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Hard-to-treat hay fever

Allergy GPSI Dr Adrian Morris's tips on refractory allergic rhinitis

1) Start prophylactic antihistamines before the pollen season. Antihistamines are the treatment mainstay – either alone or with topical nasal steroids. Treatment is far more effective if used throughout the season. Start treatment two weeks before the anticipated start of the pollen season – ideally mid-February for tree pollen and end of March for grass pollen.

2) A once-daily teaspoonful of local honey – starting before the pollen season – seems to help some patients. This has never been scientifically confirmed, but taking a daily teaspoonful of local honey – starting four months before the pollen season and continuing into the pollen season – can certainly do no harm.

3) Patients should keep checking the anticipated daily pollen count. It's not an exact measure of ambient pollen – rather an estimate based on the previous year's pollen counts and current weather. But it's a reasonably good indicator of whether a sufferer will have symptoms. On high pollen days it's best to remain indoors during the late morning (about 11am) and early evening (about 6pm) to reduce exposure.

4) Protect the nose by saline nasal douching and applying petroleum jelly. Physiological saline nasal douche or spray is soothing and may flush pollen out. A small amount of petroleum jelly on the lower nostril is a barrier and pollen trap.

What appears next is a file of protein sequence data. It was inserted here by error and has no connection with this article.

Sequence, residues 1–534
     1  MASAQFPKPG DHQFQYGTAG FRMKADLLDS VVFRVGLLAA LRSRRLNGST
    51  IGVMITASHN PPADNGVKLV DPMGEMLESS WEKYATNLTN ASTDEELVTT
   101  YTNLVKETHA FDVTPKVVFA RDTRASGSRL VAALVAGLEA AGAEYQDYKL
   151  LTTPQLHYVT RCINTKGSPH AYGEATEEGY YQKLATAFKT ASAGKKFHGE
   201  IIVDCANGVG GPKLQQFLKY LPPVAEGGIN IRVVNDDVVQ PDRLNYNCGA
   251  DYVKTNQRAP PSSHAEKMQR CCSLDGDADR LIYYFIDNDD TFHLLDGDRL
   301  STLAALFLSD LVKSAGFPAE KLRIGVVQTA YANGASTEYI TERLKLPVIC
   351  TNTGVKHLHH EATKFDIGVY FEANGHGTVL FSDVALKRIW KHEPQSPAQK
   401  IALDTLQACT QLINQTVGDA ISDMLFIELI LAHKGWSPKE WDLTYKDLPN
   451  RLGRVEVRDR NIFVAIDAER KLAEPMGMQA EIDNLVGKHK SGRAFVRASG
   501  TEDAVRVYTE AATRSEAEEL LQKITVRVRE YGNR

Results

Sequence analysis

5) Barrier methods help. Simple measures – such as wearing wraparound sunglasses – will all help. Sufferers should keep car windows closed and the air-conditioning switched on. Newer cars have pollen filters in the air-conditioning system. HEPA indoor filters help in bedrooms.

6) Butterbur is the only complementary treatment shown to be effective.

Although popular, herbal and homeopathic remedies have produced disappointing results in meta-analyses and only butterbur stands up in clinical trials. It has been shown to have an efficacy similar to antihistamine (1).

7) Advise patients to change clothes, shower and wash their hair when they get home at the end of the day. Pollen grains become trapped on clothes, skin and hair and it helps to shower and wash hair to remove all pollen grains and change into fresh clothing.

8) Washing should be tumble-dried to reduce pollen exposure. Washing hung outdoors during the day will trap pollen grains and then trigger hay fever with subsequent exposure. Bedroom windows should be kept closed during the day.

9) A short course of oral steroids is an option for acute hay fever treatment. If hay fever is severe and there is a special event – such as an exam or wedding – prednisolone 20mg daily for three days will give rapid symptom control in adults. The use of depot steroid injections is discouraged.

10) Consider sublingual desensitisation immunotherapy to grass pollen if symptoms are not controlled by medication. The only effective cure is desensitisation immunotherapy using extracts of grass and tree pollen (2). This can be administered by weekly subcutaneous injection or given orally by daily sublingual drops or tablets. Sublingual treatment is now available in the UK on prescription, but is expensive and few PCTs will cover the cost.

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